When you stop and look at the historical scope of the NHL, it's amazing how two of the dominant clubs in the 2010's are a 1967 expansion side that took over 20 years to even begin to gain relevancy, and the Original Six's island of misfit toys.
There was a time when the Chicago Blackhawks had won the Stanley Cup as many times as the Montreal Canadiens, and had held the title more than the Toronto Maple Leafs. The year was 1938 and the Hawks claimed the championship despite finishing with a losing record (14-25-9), the league's worst offense, and second worst defense. They won a pair of best of three series after dropping game one against favored Canadiens and New York Americans teams before dispatching the Maple Leafs 3-1 despite not having starting goalie Mike Karakas for the first two games of the Final. From then on it was seasons of non-playoff qualification before they won the Cup again in 1961, and after that became a team that could make the playoffs and occasionally put together a run, but never get the job done.
It makes what Jonathan Toews, Patrick Kane, Marian Hossa, Duncan Keith, Brent Seabrook, and Patrick Sharp all the more impressive. The only other stretch of consistent postseason qualification and advancement like it in Hawks history is from 1960-61 to 64-65 when they made the Stanley Cup Final three times in five seasons with the one win. That this group has done that and more in a 30 team league, with twice the amount of playoff wins needed to be title winners is nothing short of remarkable.
It's pretty astounding to think that Andrew Cogliano put up more points (24-26-50) in his sophomore, and final, season of college hockey at the University of Michigan than Toews did the same 2006-07 season in his sophomore, and also last, year at the University of North Dakota (18-28-46). Also telling is Lightning general manager Steve Yzerman has said he believes Toews is better than he ever was, especially when one considers the only comparable scoring numbers are in playoff runs as well as in Yzerman's final eight regular seasons where the Detroit captain was a less than point per game player. One can totally see the comparison though, and how Toews is the natural evolution: Yzerman had to be molded in to a two-way center by Scotty Bowman to become a winner, while that has been Toews' strong suit from the start.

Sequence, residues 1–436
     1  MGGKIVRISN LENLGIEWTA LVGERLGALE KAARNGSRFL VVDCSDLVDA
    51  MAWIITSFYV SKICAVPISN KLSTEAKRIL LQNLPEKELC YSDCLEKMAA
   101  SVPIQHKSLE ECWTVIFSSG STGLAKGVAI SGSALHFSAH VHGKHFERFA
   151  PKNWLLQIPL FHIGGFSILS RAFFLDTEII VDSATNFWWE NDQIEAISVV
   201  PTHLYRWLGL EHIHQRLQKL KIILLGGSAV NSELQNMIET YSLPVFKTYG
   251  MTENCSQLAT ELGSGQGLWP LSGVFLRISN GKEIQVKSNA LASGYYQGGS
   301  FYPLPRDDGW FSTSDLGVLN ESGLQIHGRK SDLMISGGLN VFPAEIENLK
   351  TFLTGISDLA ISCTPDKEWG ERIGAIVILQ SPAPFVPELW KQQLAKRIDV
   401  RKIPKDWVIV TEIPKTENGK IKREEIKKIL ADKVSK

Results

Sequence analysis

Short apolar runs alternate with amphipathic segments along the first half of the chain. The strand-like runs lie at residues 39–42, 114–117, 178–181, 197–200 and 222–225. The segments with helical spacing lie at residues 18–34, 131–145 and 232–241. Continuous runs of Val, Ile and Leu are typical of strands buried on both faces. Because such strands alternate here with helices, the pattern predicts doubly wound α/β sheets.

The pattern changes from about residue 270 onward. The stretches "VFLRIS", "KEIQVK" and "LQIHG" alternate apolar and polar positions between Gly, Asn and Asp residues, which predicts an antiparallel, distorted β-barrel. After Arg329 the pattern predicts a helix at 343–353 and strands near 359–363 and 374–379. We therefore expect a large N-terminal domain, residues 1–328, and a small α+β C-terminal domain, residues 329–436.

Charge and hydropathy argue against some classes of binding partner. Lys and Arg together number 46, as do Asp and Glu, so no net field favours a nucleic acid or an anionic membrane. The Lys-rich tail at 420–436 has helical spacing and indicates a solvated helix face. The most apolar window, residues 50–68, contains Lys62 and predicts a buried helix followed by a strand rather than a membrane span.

Pairing a played like Toews with Kane is almost unfair, and the Wonder Twins combination gave the Ducks fits in the final two games of the series. To go from a pair of goals through the first five games of the series, then put up a goal and assist in game six and three helpers in game seven as Kane did is the ultimate in coming through when it counts. Hossa is another player that has undergone a perceptual shift in his time since leaving Atlanta- no longer the huge points producer, instead a clutch two way player. People have problems with using 'clutch' as a descriptor because it's hard to quantify what it means, but having six of 18 playoff goals with the Hawks go for game winners seems to be a pretty good indicator; percentage-wise it's better than either Toews or Kane.
Finally, it's about time people stopped acting like Corey Crawford is merely along for the ride and recognize that he too is an important piece of this Chicago team that's been so good for so many seasons. Before the series against the Ducks I highlighted his 12-1 record in elimination games with a .930 save percentage in those contests, as well as a 4-0 mark at United Center with Hawks trailing in a series and a .942 SV% in those games. Against Anaheim he was 2-0 facing elimination with a .929 SV%, and won both the games where Chicago were trailing in the series at home, stopping at a .928 clip. Say what you will about his whole playoff numbers being right around the league average, but there's something to be said for when Crawford has his best games.
As someone who grew up watching the Jeremy Roenick-Tony Amonte-Chris Chelios-Ed Belfour Blackhawks turn in to the Alexei Zhamnov-Eric Daze-Boris Mironov-Jocelyn Thibault teams with a revolving door of others like Sergei Krivokrasov, Steve Sullivan, Stephane Quintal, Mark Bell, Phil Housley and Jon Klemm, the culture change with Rocky Wirtz taking the ownership helm with the passing of his father in 2007 is amazing. It's still incredibly weird to think that a team as old as the Blackhawks are right now in the midst the most successful period in franchise history.
A Stanley Cup win this year cements Chicago as the team of the post wipeout lockout era, and would move them clear of the Oilers into fourth most championships all time with the Boston Bruins. Los Angeles may have one fewer title in the time frame, but has significantly fewer deep playoff runs. The New York Rangers would become far and away little brother of the Original Six franchises with just four claims to the Cup. And for a franchise that so long had to fall back on stories of Bobby Hull, Stan Mikita and Keith Magnuson, the tales they'll tell of Toews, Kane and Keith will be all the more rich.